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Weekend Roundup: Overdoses, Lawsuits, and Arbitration on the Job

As the nationwide opioid crisis continues to rage, some employers are beginning to confront the reality of dealing with prescription drug overdoses in the workplace. In other news, a trucking business in Colorado is in hot water with federal regulators after its pre-employment screening company failed to complete an applicant’s physical abilities test, and the Kentucky Supreme Court made that state the first in the U.S. to rule that employers cannot force new employees to sign arbitration agreements. Discover how your business could soon be affected in KRESS’ Weekend Roundup:

A New Crisis in the Opioid Epidemic: Overdoses on the Job

More than 70,000 Americans suffered fatal drug overdoses in 2017, an increase of more than 10 percent from the previous year, according to data from the Centers for Disease Control and Prevention (CDC).

Across the United States, more than 7 in 10 employers said that their workplaces had been affected by employees’ prescription drug use through injuries, accidents, overdoses, and absenteeism, among other factors.

Regulators Sue Colorado Trucking Company for Discrimination

Federal regulators sued the Greeley, Colorado-based trucking firm JBS Carriers, alleging it violated federal law by using pre-employment screening to reject job applicants on the basis of disability.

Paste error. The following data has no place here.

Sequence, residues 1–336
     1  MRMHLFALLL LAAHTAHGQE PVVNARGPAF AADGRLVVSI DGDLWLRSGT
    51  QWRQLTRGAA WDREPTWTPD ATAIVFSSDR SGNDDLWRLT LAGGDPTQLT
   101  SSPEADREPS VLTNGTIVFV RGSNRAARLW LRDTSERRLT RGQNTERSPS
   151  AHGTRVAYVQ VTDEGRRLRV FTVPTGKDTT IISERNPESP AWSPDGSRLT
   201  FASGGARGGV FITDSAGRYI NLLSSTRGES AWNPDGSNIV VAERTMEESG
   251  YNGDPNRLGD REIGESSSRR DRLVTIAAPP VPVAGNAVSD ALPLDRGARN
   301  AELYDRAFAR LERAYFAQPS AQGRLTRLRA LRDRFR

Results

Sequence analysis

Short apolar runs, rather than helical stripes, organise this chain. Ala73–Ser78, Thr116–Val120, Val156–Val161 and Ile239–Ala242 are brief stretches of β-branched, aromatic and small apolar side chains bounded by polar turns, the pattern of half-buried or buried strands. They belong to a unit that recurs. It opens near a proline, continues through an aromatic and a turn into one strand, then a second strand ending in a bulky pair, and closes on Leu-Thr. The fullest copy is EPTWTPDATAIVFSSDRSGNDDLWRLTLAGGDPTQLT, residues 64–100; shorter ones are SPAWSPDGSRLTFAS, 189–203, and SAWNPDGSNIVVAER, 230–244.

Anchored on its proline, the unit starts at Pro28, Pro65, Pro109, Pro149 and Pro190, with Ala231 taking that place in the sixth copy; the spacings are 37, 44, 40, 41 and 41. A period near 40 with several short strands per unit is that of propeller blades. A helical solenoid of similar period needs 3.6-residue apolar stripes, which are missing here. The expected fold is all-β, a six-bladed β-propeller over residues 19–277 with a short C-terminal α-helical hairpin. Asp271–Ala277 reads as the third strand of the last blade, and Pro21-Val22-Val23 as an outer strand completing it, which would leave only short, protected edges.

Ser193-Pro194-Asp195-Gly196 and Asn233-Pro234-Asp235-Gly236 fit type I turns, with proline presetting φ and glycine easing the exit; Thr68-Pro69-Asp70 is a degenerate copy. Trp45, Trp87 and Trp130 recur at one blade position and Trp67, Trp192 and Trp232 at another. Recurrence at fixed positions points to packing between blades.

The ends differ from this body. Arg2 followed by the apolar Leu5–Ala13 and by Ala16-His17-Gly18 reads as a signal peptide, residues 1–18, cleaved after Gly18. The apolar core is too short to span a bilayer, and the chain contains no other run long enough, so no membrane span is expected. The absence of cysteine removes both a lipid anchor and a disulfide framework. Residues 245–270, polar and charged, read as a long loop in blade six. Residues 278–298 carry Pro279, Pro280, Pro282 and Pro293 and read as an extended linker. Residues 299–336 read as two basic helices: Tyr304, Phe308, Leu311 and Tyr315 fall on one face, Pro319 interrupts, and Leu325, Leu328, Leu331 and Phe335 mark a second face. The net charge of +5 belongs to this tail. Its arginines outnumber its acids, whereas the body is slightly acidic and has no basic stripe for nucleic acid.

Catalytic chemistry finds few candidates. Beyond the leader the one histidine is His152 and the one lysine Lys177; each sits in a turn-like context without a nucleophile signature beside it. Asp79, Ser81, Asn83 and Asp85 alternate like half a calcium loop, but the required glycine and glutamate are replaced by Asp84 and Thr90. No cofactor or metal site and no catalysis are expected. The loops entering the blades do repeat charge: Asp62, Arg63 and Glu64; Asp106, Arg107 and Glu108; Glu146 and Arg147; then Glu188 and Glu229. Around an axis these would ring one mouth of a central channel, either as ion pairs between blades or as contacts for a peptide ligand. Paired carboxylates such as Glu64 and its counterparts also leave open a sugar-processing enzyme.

JBS Carriers spokeswoman Misty Barnes tells The Tribune in Greeley it disputes the allegations made by the U.S. Equal Employment Opportunity Commission in a lawsuit filed last month in Denver.

The lawsuit alleges JBS violated the Americans With Disabilities Act through pre-employment screenings done by ErgoMed WorkSystems.

Employers Can’t Force New Hires To Sign Arbitration Agreements, Top Kentucky Court Rules

Kentucky private businesses and public agencies statewide may need to dramatically alter how they hire workers after a key court decision last week.

The Kentucky Supreme Court’s ruling Friday essentially banned the practice of requiring prospective workers to sign agreements that would enact binding arbitration instead of lawsuits should they try to leave under duress.

“It’s a very big deal, and makes Kentucky unlike 49 other states right now,” said Rick Bales, an employment law expert and law professor at Ohio Northern University who previously worked at Northern Kentucky University.

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